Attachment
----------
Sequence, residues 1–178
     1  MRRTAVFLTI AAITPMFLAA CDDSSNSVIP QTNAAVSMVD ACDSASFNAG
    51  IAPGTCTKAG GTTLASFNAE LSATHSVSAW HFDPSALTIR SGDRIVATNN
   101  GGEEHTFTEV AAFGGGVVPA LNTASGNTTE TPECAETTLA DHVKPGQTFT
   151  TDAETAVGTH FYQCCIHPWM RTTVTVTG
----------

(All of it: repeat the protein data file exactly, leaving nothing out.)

Sequence, residues 1–178
     1  MRRTAVFLTI AAITPMFLAA CDDSSNSVIP QTNAAVSMVD ACDSASFNAG
    51  IAPGTCTKAG GTTLASFNAE LSATHSVSAW HFDPSALTIR SGDRIVATNN
   101  GGEEHTFTEV AAFGGGVVPA LNTASGNTTE TPECAETTLA DHVKPGQTFT
   151  TDAETAVGTH FYQCCIHPWM RTTVTVTG